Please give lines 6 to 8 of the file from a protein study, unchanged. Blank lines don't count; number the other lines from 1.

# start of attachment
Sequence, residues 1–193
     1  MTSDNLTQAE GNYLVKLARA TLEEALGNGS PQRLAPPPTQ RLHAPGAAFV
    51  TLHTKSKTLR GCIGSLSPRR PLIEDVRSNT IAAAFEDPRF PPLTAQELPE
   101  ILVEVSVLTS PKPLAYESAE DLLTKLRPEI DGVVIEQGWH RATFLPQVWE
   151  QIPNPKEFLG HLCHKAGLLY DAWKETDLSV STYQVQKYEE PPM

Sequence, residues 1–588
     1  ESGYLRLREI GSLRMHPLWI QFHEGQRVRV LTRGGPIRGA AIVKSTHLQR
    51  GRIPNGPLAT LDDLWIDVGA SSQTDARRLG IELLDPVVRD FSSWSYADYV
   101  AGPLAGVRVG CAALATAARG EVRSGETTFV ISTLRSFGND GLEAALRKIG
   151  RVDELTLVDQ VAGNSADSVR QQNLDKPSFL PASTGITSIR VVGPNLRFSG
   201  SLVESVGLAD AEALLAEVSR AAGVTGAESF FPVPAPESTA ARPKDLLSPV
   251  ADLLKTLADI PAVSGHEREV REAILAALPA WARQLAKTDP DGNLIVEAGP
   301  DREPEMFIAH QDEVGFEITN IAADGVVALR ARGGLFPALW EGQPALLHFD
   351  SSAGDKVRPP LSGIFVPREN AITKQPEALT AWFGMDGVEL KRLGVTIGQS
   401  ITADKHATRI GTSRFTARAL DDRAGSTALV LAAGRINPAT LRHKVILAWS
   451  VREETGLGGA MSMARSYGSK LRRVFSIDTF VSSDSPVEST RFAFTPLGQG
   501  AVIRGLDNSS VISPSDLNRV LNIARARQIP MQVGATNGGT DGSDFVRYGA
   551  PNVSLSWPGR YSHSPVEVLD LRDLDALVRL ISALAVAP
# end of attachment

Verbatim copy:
Sequence, residues 1–588
     1  ESGYLRLREI GSLRMHPLWI QFHEGQRVRV LTRGGPIRGA AIVKSTHLQR
    51  GRIPNGPLAT LDDLWIDVGA SSQTDARRLG IELLDPVVRD FSSWSYADYV